Field goal. From 30.
No sending Air Force a message? No confidence in gaining just one yard to jump on the Falcons and go up 7-0. Because you know Air Force is going to score some points.
"It was a little bit more than one,'' Ellerson said of the distance. "We'd been to this movie before and left it down there the other way, so we thought at that point with the chance to take the lead, we'd take the lead.''
After forcing Air Force on a three-and-out, Army increased its lead. It came right back and picked up a couple of first downs and moved inside the 30. Three runs didn't move the markers, so it was another field goal.
Things were looking good then, a 6-0 lead and stuffing the Falcons on their first drive. But it didn't last long.
Air Force marched 67 yards to go ahead 7-6, then a few minutes later hit the 53-yard TD pass when Donovan Travis lost his footing which left Warzeka all alone.
Army came right back, answering with a 60-yard drive to close within 14-13. Senior Jacob Bohn caught his first TD pass from Steelman, from 18 yards out.
But then Steelman would throw his first interception of the year a bit later, making Army the last team in the country to throw an interception.
It would only get worse.
"Unfortunately, the only pick I throw all year comes back to haunt us,'' Steelman said. "It was a two-man route but the corner got in front of the ball and picked it off.''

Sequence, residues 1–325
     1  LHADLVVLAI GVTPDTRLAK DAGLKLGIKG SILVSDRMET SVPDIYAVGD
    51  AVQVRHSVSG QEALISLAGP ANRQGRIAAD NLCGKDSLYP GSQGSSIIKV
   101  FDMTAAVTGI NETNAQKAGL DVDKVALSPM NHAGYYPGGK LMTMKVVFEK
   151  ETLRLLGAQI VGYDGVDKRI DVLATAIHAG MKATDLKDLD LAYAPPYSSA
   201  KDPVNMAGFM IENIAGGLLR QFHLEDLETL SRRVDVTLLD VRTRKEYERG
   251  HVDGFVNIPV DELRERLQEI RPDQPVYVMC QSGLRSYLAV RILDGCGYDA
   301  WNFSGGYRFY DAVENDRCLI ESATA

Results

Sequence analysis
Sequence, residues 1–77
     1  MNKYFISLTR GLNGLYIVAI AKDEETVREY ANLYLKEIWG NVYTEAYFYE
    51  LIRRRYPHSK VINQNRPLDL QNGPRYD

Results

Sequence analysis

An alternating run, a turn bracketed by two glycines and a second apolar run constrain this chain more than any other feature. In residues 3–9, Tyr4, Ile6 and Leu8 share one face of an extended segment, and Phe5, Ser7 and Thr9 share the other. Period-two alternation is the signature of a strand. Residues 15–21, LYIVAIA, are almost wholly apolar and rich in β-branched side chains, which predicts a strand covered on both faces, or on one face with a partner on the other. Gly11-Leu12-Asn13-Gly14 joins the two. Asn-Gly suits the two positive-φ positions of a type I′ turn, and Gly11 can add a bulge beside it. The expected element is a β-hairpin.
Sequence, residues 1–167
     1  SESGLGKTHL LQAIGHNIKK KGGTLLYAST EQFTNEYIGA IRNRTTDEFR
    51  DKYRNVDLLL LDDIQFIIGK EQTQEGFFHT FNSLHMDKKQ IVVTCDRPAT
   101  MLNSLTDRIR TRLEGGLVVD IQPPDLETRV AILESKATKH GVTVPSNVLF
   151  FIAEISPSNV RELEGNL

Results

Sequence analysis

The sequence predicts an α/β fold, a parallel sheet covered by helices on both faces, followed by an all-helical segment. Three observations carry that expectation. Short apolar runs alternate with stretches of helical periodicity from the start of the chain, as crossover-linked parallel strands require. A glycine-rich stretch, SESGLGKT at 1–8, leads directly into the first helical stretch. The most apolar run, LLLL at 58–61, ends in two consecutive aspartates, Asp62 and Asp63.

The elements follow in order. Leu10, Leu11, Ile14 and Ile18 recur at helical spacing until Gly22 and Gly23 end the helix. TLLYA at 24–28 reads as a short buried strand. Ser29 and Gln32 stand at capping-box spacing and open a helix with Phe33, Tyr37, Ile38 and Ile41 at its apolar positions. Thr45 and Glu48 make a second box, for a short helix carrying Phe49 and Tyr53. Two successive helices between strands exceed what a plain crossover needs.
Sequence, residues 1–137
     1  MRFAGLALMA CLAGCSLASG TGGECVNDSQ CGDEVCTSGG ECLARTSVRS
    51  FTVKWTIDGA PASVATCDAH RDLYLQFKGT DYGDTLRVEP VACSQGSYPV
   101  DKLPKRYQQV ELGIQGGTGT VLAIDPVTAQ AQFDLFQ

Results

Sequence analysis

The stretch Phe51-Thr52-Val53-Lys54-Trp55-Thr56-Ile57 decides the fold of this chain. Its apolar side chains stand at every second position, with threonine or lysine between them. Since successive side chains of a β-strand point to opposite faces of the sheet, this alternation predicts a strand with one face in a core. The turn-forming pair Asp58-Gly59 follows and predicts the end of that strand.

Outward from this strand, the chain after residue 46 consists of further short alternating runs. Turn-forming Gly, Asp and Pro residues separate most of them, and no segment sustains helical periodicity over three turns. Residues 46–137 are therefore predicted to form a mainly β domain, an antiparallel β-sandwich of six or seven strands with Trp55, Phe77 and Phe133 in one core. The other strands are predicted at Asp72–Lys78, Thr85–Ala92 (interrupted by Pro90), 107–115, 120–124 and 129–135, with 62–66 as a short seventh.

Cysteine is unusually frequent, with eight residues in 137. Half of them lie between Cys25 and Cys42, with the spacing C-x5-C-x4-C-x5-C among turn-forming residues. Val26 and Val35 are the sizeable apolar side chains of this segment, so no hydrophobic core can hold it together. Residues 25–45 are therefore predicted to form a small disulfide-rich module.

Sophomore defensive end A.J. Mackey, in on seven tackles and forcing a fumble, wouldn't let his coach take the hit. "It's a team effort,'' he said. "He's going to want to take the responsibility, but it falls on us
we didn't play as hard as we needed to play. We had the keys to win and the will to win, but we didn't show up on all cylinders.
"Ultimately it's about responsibility. That's what it comes down to - everybody doing their job and not trying to cover up for somebody else's job.''
Although the CIC trophy belongs to the Air Force, and although Army still needs a win to become bowl eligible, all is of course not lost.
Well, maybe somewhere under the sofa cushions.
"I don't worry about our team being excited to play, excited to prepare or excited about what's next. We're just not going to be very excited for a couple of days,'' Ellerson said. "This is tough.''